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The Baker's Dozen: 13 Productivity Tips for Generating PowerPoint Presentations : Page 2

In this installment of "The Baker's Dozen" you'll get some handy tips on creating Office eye candy: generating PowerPoint output.

Tip 2: Creating an Instance of PowerPoint
Kicking off GenPPT is easy; just add a reference to PowerPointTools.dll to your project and then run the following code:

   // Create instance of GenPPT
   PowerPointTools oPPT = new PowerPointTools();
The code for LaunchPPT creates new instances for PowerPoint 2003 and Excel. Note that the following method utilizes the object property references to oPPTApp and oExcel, which other methods in the class will also use:

   Public Sub LaunchPPT()
      Me.oPPTApp = New PowerPoint.Application
      Me.oPPTApp.Visible = False
      Me.oExcel = New Excel.Application
      Me.oExcel.Visible = False
      Me.SlideNumber = 0
   End Sub
Tip 3: Starting a New Presentation with a Template and a Title Page
After creating an instance of PowerPoint, you can create a new presentation and specify the template and a title page, using three public methods from GenPPT:

   oPPT.BuildTitlePage("2003 Kansas City Chiefs", _
      "By Kevin S. Goff");
First, the GenPPT code for SetTemplate provides your first exposure to the PowerPoint object model:

   Public Sub SetTemplate(ByVal TemplateFilename As String)
      Me.oPPTPres = Me.oPPTApp.Presentations.Add
SetTemplate adds a new presentation and stores an object reference to oPPTPres. The method also calls one of GenPPT's support methods, AddSlide:

   Public Sub AddSlide(ByVal oLayout As PowerPoint.PpSlideLayout)
      ' Increment the active slide number,
      ' add a new slide based on that number/layout,
      ' and go to the slide
      Me.SlideNumber = Me.SlideNumber + 1
      oPPTApp.ActivePresentation.Slides.Add( _
         Me.SlideNumber, oLayout)
   End Sub
Second, the GenPPT code for BuildTitlePage utilizes another internal method called AddText to place text inside predefined shapes for the current slide layout:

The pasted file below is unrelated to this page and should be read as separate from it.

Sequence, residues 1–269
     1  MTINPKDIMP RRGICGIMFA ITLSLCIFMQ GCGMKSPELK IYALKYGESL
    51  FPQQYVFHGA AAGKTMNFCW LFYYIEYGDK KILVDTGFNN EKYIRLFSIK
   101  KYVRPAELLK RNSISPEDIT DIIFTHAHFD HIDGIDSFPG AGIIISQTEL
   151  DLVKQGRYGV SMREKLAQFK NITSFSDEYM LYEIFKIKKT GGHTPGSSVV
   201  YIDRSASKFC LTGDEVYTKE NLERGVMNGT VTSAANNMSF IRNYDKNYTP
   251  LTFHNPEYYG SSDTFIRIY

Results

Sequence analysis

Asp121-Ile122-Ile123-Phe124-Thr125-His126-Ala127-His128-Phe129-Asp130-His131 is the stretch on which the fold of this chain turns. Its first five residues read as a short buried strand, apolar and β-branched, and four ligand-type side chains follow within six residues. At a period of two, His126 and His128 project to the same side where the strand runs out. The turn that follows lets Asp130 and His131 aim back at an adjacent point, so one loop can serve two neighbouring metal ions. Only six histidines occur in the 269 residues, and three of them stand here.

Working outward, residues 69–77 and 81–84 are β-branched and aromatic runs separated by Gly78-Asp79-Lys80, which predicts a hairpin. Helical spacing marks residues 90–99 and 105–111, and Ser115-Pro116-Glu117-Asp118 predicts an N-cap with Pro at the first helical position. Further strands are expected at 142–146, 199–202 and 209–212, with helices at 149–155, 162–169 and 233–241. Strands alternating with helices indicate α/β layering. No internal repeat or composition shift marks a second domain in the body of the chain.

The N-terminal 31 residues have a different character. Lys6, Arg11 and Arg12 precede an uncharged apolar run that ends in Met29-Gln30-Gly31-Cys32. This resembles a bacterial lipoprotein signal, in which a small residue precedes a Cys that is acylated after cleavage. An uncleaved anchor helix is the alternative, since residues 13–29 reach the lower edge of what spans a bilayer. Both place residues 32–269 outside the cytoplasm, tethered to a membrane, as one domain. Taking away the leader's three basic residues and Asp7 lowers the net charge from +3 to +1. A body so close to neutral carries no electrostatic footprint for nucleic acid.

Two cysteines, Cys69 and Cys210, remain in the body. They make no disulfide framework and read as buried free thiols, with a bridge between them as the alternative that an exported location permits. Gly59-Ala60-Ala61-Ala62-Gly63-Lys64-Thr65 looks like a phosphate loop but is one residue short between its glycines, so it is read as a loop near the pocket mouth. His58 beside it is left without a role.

Public Sub BuildTitlePage(ByVal MainTitle As String, 
      ByVal SubTitleTemplate As String)
      Me.AddText("Rectangle 2", MainTitle)
      Me.AddText("Rectangle 3", SubTitleTemplate)
   End Sub
Finally, GenPPT contains the AddPicture method, which displays an image on the center of the current slide:

   Public Sub AddPicture(ByVal PicFile As String)
      Dim oBitmap As Bitmap
      oBitmap = New Bitmap(PicFile)
Figure 1. The opening slide (uses layout style).
Dim PicWidth As Int32 = oBitmap.Width Dim PicHeight As Int32 = oBitmap.Height Dim StartTop As Int32 = (540 - PicHeight) / 2 Dim StartWidth As Int32 = (720 - PicWidth) / 2 Me.oPPTApp.ActiveWindow.Selection.SlideRange. Shapes.AddPicture(PicFile, False, True, _ StartWidth, StartTop) End Sub
So far, this leads to the generation of the first title slide, in Figure 1.

PowerPoint output should not be confused with general business reporting. Each slide should be a synthesized and self-contained unit, and must not reference information on other slides.
As you may have gathered, GenPPT contains wrapper functions so that a developer doesn't have to access the PowerPoint object model directly. However, you may find a time when you need to access the PowerPoint object reference (Table 1) directly. If so, you'll need to add a COM reference to the PowerPoint Object Model Library. I'll show an example of doing this later in the article.

Tip 4: Creating a Text-Only Slide with a Title and a Set of Bullet Points
The next step is to create a table of contents slide with a title at the top and bullet points in the body of the slide. GenPPT must account for a variable-sized list of bullet points, and that some may be indented.

GenPPT provides a method called BuildBulletPage for generating individual slides with bullet point content (see Figure 2). To use this method, create a DataTable with two columns: one for the bullet point text, and an integer column to represent the level of indentation (use 1 for a main bullet point, and increment for each level of indentation when needed).

Figure 2: The opening slide (generating bullet points).
   DataTable DtBullets = new DataTable();
   DtBullets.Columns.Add("Bullets", typeof(String));
   DtBullets.Columns.Add("Indent", typeof(Int32));
   DtBullets.Rows.Add("Final AFC West Standings",1);
   DtBullets.Rows.Add("Offensive Leaders", 1);
   DtBullets.Rows.Add("Receptions by Receiver", 2);
   DtBullets.Rows.Add("Receptions by Receiver", 2);
   DtBullets.Rows.Add("Rushing Yardage Chart", 2);
   DtBullets.Rows.Add("Division QB Ratings", 2);
   DtBullets.Rows.Add("Margin of Victory Chart ",1);
   DtBullets.Rows.Add("Game Photos", 1);
   oPPT.BuildBulletPage("Table of Contents", DtBullets);
The BuildBulletPage method in GenPPT shown below uses the ppLayoutText slide layout to build a bullet page. The method adds a new slide, sets the slide title, and scans through the DataTable. The method examines the Indent column to set the IndentLevel for each bullet point:

   Public Sub BuildBulletPage(ByVal MainTitle As String, _
      ByVal DtBulletPoints As DataTable)
      ' Note the indentlevel property, from the IndentLevel in the 
      ' datatable source
      Me.AddText("Rectangle 2", MainTitle)
      Me.oPPTApp.ActiveWindow.Selection.SlideRange.Shapes( _
         "Rectangle 3").Select()
      Dim TextCounter As Int32 = 0
      For Each Dr As DataRow In DtBulletPoints.Rows
            Dr(0) + Chr(13))
         TextCounter += 1
            TextCounter, 1).IndentLevel = (Dr(1))
   End Sub

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